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Lots of good info already, just wanted to throw in my 2 cents.

 

I adopted a 5 y/o grey from the adoption kennel so he had never been in a house before. I lived in a 2nd floor apartment. There were some cement steps outside the kennels that I tested him on. He baulked a little when I brought him home but we basically had a party as if the stairs were the best thing ever and got it done!

 

He will always go down and up on the side closest to the wall.

 

We moved to another 2nd floor apartment, this one with narrower, steeper stairs but again, with lots of praise, he did them.

 

The only time he's flat out said no was when I stayed over at a friend's old house and it was a steep staircase that curved around. He tried going up and down once and then just slept downstairs.

 

In an emergency, I know I would have to carry him down the stairs or fire escape.

 

I would just try to get a confident hound and have some tasty treats on hand. I really like the idea of having a meet and greet at your place to test them out.


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I live on the second floor with no elevator. I have a greyhound who had been with me a year and a half prior to the situation and a galgo.

We go up and down a MINIMUM of 4 times a day. You should see our bumbums!

Jokes apart, the carrying up and down the steps is an important consideration. My galgo ran full speed into my grey at the park and my grey wouldn't walk. Much less do stairs. So for about 3 days I had to carry him up and down the stairs. From the second floor. 4 times a day. That is 504 steps with a 70 pounds dog in my arms!

If your adoption group can train a grey for you that would be ideal. Otherwise I would advise you to wait until you get a house, it won't be long anyway as you said :)

There are many issues with a new grey that could potentially cause problems in a appartment but that would be manageable in a house (steps, noise, barking, separation anxiety, rough playing in the house, house training) If you and your neighbors are willing to work through these, that is great! I know mine wouldn't tolerate it!

On the other hand, there has been many successful adoptions that I know of in an appartment. I just know that if it was me, I would wait as it would be much easier for all of you :)


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Cynthia, with Charlie (Britishlionheart) & Zorro el Galgo
Captain Jack (Check my Spots), my first love

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When I got Taylor (90 pounds), I lived in an apartment over a detached 2 car garage.

Outside solid concrete stairs, up against the building, and the left side was solid, around 40" tall, to a landing, and then a right turn through a door into the apartment.

 

The completion of the adoption basically revolved about Taylor being able to walk up and down stairs.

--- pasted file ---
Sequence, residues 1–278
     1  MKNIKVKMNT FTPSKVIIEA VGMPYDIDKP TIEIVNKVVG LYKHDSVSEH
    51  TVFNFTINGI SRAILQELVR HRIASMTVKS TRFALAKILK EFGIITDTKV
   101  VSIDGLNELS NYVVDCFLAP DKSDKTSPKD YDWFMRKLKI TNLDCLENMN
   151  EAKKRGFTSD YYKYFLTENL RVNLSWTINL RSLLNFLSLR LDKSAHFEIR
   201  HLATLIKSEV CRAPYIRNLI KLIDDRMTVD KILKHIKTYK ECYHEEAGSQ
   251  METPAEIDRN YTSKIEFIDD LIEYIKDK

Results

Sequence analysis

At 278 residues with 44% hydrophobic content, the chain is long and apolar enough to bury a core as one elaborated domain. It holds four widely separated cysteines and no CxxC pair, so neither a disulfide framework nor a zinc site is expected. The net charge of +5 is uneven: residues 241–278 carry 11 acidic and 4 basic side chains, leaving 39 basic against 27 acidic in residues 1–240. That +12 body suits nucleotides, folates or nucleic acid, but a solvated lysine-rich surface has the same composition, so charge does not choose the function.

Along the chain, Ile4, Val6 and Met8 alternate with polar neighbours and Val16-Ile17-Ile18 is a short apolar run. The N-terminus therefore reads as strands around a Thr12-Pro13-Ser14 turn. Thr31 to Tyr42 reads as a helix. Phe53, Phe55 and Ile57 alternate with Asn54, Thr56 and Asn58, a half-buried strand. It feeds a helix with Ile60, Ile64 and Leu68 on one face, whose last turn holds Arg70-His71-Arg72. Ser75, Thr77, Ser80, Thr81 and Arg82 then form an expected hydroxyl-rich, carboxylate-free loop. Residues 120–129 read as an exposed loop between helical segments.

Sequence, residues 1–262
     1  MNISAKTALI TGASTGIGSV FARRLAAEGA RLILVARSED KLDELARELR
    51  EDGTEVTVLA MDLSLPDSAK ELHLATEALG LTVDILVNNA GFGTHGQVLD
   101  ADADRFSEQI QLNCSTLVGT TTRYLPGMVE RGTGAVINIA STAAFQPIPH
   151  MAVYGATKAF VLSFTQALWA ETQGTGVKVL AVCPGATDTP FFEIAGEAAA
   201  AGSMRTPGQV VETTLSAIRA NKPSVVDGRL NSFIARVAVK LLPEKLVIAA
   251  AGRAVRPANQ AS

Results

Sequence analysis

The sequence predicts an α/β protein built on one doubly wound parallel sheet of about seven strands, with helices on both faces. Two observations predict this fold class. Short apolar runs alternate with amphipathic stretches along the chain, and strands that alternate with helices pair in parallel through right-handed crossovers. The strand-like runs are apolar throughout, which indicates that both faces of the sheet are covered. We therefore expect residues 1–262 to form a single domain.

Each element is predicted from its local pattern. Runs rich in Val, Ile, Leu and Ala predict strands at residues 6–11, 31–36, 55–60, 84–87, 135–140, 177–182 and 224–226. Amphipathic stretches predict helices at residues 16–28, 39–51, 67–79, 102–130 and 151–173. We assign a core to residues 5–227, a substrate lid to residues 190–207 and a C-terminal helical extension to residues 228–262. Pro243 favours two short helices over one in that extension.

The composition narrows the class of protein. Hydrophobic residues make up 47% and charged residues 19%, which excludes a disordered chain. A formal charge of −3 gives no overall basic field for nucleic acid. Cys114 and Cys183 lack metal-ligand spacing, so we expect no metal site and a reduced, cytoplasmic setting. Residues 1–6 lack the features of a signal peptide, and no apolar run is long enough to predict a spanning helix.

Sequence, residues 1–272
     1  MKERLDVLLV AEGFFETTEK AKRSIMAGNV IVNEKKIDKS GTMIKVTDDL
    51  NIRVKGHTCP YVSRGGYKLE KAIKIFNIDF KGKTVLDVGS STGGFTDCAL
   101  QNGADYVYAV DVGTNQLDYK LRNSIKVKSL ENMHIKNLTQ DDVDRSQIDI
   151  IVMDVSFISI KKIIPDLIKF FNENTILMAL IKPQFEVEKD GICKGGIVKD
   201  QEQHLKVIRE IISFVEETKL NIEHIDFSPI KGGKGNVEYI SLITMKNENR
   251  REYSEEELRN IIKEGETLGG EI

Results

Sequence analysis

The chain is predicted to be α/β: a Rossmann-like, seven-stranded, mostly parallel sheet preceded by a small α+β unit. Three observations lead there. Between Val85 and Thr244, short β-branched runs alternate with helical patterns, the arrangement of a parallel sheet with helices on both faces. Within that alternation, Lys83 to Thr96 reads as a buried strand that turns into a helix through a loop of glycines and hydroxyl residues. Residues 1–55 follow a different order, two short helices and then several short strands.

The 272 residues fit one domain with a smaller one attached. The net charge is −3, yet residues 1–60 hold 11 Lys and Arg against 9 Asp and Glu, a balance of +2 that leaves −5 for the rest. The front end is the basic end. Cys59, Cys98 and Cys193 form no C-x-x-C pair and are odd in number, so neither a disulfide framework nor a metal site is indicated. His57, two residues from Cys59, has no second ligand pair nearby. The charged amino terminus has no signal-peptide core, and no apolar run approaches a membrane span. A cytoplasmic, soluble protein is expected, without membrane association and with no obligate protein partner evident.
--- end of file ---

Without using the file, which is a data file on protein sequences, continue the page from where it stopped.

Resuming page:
No way could I carry him.

 

The woman who ran the adoption agency came to the house.

She walked him up, down, and up again.

That was it.

For the next year and a half, we went up and down those stairs at least a dozen times a day.

 

He also did fine in elevators.

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I live in a second floor condo with open back stairs. Johnny was fostered in a fourth floor apartment with an elevator and closed stairs. He did balk at my stairs for the first few days, but once he learned that FOOD and BEDS were up those stairs, I couldn't stop him. He does walk on the side with the wall. Elevators he does without hesitation, too, after all these years.


Me & John Reese (Gable Dodge x O Jays) and the 4 kittehs!

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Surely you have an elevator - at least I hope! But greys do learn to do stairs. Some gracefully, some less gracefully. One of mine would bound up them 3 jumps at a time up a flight, the other, very methodically one at a time. The kind of steps also matter: if they are open to the back, I would expect them to resist a little more because there could be some fear there (i.e. my boy that would bound up them would be fearful because if he misplaced a paw at all while bounding up them, he could easily put his leg through the step and that would be no good).

 

If they are closed back and slippery, it could be a tough go. Dogs aren't color blind, rather they can distinguish colors that are brighter against a darker background, https://www.aspca.org/news/fearful-dogs-fresh-coat-paint-makes-all-difference so depending again on the type of stairs - the surface in particular, carpeted, painted, slippery, could make a big difference in the willingness to go up them. Bright areas are also best, so I assume the stairway is well lit.

 

Sounds like you'll have to get a willing and outgoing personality, but it can be trained!


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In my situation, ignorance was bliss. I didnt know about Greytalk until after I adopted Grace.

 

I lived in a second floor studio in downtown Seattle. I adopted a dog right off the track who hadnt been fostered. I didnt know how she did with cars, stairs, elevators, noise, small dogs, non-greys, etc.

 

When we got to my apartment, it was just me and Grace. We went to the grass patch a block away to pee, then went to the back door. I said to her -lets go girl- and walked right up. I didnt hesitate, and she went right up. We also had no idea if shed have separation anxiety. She was fine, and turned out to be my heart dog. She was perfect.

 

On the contrary, my brother lived in Manhattan and for the first few weeks he had his grey, he had to carry him up and down three flights of wooden interior stairs. After a few weeks, he decided that he hated being carried so learned to do them on his own. He and his girlfriend had to work as a team at first, one at the bottom and the other at the top...hes only go up unleashed at first. Once he figured them out, he was fine.